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Wednesday, January 20, 1999 Published at 16:18 GMT


Mission to save the tiger

By Environment Correspondent Alex Kirby

A group of international experts is starting work in Britain in an attempt to save the tiger.

The group is made up of wildlife experts appointed by CITES, the UN's Convention on International Trade in Endangered Species.

BBC Environment Correspondent Tim Hirsch: A tiger a day is killed in India
Its first job is to visit countries where there has been a significant trade in tiger parts, to check that legislation and enforcement have stopped the trade.

Tigers are frequently killed so their bones and other parts can be used in traditional Far Eastern medicine, although CITES forbids all trade in tiger products.

[ image: Bengal tigers make up nearly half of the surviving wild tigers]
Bengal tigers make up nearly half of the surviving wild tigers
The temptation is high, as many poachers can earn as much from a single tiger as they could in a year.

The group starts in London, where tiger products used to be freely available in some Chinese pharmacies.

Police and customs officials believe now, though, that the trade is negligible.

Work in tiger states

The team then goes to the USA and Canada, before flying to the Far East to investigate law enforcement there.

It will also visit countries which have tigers in the wild - known as "range states" - to see anti-poaching programmes at work.

Environment Correspondent Robert Pigott: Surviving numbers are shrinking
These include Russia, China, India, Nepal, Burma, Cambodia, Vietnam, Indonesia and Malaysia.

The experts will report to CITES, and will prepare the way for a policy mission, which will probably go to India and China later in the year.

That will be led by a senior British official from the Department of the Environment, Transport and the Regions, Robert Hepworth who told BBC News Online he is hoping to raise consciousness:

[ image: One dead tiger means riches undreamed of]
One dead tiger means riches undreamed of
"If we cannot get ordinary people there enthusiastic about their tigers, there will be little chance of improving things. The message, from a UN-led convention, is that there is a very strong international commitment to tiger conservation.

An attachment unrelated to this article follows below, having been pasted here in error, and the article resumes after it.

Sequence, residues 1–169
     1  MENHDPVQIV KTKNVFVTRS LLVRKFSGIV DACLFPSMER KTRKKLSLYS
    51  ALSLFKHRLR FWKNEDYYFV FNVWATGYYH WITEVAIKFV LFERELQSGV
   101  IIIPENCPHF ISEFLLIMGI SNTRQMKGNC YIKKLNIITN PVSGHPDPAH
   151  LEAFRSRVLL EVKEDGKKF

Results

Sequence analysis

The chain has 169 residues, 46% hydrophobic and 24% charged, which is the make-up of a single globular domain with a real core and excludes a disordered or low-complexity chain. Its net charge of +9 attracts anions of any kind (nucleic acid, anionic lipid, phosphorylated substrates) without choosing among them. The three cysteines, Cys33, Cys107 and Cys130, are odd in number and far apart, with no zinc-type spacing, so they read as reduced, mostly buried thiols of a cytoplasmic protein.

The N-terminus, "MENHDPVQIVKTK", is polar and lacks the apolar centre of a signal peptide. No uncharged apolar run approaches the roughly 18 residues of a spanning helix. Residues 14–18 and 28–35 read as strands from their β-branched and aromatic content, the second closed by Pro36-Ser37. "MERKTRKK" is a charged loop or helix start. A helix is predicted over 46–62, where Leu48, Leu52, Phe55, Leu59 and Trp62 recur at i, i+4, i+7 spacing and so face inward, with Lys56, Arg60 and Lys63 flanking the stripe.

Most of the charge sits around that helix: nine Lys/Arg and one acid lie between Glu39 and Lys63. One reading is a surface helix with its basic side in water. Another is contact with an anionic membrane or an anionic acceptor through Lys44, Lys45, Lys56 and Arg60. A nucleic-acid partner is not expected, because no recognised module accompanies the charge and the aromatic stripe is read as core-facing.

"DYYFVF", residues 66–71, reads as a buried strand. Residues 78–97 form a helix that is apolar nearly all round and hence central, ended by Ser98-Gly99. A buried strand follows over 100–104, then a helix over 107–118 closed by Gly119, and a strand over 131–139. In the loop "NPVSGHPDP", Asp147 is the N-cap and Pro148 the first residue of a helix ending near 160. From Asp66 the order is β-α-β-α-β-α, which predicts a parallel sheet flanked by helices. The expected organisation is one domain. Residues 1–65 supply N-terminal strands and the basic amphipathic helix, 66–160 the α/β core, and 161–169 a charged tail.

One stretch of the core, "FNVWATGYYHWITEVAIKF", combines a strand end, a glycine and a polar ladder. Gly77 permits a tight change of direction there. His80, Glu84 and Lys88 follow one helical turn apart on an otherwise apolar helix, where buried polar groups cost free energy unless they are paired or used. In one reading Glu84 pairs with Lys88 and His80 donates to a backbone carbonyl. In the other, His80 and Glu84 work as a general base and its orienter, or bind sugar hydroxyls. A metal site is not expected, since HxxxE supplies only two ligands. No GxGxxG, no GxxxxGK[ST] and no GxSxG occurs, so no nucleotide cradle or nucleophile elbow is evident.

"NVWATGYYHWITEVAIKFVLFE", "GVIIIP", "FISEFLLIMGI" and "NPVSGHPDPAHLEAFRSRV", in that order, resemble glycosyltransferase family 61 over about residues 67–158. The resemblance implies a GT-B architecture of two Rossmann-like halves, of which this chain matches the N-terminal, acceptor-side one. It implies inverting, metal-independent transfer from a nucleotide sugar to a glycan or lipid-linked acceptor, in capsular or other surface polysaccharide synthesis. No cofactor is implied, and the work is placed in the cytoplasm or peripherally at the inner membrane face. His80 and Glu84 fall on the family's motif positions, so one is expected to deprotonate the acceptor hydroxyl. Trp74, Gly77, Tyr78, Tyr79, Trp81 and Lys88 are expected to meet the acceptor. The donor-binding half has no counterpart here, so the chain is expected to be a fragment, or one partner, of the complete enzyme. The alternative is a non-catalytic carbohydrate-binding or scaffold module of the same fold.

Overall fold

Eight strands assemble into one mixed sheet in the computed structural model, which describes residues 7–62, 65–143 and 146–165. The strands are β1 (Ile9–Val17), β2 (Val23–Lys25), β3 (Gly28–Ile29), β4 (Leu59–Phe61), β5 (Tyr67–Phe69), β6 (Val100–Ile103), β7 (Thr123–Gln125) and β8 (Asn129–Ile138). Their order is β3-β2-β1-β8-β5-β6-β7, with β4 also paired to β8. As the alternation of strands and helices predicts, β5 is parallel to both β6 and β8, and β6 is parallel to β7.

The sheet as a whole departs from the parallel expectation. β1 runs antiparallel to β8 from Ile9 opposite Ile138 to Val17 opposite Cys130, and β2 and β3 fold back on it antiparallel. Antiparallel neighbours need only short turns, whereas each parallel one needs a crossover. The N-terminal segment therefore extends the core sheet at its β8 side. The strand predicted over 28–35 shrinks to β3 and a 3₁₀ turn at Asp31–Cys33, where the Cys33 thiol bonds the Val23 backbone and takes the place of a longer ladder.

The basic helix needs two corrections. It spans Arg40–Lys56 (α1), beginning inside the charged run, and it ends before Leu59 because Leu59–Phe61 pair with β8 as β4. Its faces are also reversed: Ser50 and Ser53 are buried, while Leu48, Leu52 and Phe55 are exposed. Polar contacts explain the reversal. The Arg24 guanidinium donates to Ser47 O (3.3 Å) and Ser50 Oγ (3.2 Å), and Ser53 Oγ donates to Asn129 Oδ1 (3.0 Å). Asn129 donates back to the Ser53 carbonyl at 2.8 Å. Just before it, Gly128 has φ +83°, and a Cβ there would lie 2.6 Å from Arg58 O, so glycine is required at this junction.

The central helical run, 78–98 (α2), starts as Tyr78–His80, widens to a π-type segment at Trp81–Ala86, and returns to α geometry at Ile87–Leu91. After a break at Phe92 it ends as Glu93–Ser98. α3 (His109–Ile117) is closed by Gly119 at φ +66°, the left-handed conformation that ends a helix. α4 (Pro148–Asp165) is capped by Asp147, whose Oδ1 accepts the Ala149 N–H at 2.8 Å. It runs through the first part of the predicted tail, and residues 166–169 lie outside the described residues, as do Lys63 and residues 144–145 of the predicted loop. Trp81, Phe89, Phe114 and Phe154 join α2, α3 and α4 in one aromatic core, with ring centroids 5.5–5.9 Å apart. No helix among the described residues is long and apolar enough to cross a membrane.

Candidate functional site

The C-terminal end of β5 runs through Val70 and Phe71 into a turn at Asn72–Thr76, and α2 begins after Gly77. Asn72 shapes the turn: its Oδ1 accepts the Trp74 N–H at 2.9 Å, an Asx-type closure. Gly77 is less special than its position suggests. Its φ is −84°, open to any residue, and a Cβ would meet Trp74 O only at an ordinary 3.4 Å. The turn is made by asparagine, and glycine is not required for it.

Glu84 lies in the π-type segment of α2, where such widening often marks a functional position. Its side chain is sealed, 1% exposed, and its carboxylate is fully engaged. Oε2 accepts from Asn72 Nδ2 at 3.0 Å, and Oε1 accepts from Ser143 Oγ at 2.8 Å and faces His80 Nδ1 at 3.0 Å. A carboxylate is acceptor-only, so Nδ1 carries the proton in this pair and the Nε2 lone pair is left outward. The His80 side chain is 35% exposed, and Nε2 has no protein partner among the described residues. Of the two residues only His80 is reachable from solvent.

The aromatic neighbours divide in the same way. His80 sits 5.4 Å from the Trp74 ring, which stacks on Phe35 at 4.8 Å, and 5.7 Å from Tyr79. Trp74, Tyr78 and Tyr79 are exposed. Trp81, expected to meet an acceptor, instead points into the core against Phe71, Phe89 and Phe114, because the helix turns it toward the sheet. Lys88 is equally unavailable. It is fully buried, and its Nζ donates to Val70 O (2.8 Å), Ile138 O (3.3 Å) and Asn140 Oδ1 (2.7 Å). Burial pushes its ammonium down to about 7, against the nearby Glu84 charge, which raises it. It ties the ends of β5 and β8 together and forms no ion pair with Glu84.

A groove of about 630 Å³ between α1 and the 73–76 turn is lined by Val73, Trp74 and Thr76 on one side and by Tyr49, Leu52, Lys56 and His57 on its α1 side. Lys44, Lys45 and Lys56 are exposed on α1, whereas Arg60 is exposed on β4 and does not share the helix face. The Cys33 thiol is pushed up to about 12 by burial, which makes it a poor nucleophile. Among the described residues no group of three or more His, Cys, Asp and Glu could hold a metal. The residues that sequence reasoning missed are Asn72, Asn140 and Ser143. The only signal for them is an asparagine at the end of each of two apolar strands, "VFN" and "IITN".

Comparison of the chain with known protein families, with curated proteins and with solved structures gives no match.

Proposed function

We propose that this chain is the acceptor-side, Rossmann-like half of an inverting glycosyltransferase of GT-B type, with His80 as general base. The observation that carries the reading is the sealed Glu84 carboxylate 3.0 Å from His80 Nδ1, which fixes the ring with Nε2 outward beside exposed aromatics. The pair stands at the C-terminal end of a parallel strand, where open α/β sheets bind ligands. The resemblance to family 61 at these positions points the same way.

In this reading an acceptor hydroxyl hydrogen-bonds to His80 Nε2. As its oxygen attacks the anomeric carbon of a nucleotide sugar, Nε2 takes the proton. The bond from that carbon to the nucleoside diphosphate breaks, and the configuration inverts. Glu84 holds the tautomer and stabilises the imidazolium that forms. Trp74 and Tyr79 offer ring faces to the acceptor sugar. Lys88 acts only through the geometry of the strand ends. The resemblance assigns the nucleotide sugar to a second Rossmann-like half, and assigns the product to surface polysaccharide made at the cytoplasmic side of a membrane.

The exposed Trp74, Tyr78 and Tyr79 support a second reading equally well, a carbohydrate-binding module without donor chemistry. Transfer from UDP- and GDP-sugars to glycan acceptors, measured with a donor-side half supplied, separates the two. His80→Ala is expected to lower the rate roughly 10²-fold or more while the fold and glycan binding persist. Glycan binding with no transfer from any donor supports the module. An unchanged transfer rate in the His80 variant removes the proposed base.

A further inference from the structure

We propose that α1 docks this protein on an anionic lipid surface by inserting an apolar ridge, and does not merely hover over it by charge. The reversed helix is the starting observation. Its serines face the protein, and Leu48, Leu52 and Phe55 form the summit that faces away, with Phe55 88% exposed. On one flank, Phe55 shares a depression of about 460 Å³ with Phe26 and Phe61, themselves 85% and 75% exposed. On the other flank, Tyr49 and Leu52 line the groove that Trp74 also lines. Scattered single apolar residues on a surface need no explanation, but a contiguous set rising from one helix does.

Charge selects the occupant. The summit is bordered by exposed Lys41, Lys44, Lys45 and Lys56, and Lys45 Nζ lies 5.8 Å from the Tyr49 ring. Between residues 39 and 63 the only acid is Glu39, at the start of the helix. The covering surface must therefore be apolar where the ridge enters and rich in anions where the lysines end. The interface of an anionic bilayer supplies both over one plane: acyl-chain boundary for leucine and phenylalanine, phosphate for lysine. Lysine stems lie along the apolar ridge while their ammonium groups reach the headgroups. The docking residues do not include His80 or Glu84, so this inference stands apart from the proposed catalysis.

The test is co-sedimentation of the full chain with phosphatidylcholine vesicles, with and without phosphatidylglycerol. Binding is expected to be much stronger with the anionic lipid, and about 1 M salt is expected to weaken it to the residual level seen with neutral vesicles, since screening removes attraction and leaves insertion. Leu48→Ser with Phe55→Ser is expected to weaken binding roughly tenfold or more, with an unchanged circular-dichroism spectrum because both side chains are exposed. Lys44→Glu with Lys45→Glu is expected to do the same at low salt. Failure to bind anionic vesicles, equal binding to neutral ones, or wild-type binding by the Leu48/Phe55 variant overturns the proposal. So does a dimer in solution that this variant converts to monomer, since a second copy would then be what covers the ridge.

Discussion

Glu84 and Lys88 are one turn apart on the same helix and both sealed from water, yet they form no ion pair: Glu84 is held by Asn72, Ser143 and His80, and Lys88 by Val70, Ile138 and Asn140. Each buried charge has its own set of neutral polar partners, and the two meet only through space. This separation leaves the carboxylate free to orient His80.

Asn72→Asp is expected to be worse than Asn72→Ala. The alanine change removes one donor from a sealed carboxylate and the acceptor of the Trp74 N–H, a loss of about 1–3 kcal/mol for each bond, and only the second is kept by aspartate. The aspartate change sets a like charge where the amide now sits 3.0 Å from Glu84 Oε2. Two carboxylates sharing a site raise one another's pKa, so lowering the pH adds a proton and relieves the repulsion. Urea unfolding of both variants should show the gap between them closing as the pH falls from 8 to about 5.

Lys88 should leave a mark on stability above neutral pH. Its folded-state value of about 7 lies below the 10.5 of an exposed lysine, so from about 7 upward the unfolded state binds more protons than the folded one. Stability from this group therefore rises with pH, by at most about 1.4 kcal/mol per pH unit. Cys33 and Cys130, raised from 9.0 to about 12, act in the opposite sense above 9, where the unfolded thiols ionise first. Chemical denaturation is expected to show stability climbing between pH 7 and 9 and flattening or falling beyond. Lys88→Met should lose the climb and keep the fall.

"And we shall say the whole eco-system needs conserving, including the species on which tigers prey.

No funds

"Perhaps you cannot put a value on what tigers mean for a country's economy. But you can certainly put a value on conserving an eco-system."

The CITES mission will have no money to give away.

[ image: Tiger numbers are down by over 90% in a century]
Tiger numbers are down by over 90% in a century
"But we shall offer the range states better chances of getting funds from international sources", says Mr Hepworth, "For example, they will be able to bid for funds from the World Bank's Global Environment Facility, and from non-government organisations."

London Zoo is one group involved in identifying and funding projects in range states.

There are now thought to be no more than 7,500 tigers in the wild, and possibly as few as 5,000. Yet a century ago there were probably 100,000 or more.

Loss of habitat

Three sub-species have become extinct in the last 60 years - the Bali, Caspian and Java tigers. Nearly half of all wild tigers belong to the Bengal sub-species, found in India and several of its neighbours.

The other sub-species are the Indo-Chinese, Siberian, South China and Sumatra tigers. All are threatened by habitat loss and poaching for the traditional medicine trade.

Few experts believe any of the tigers has much chance of surviving in the wild without a radically new approach to conservation.

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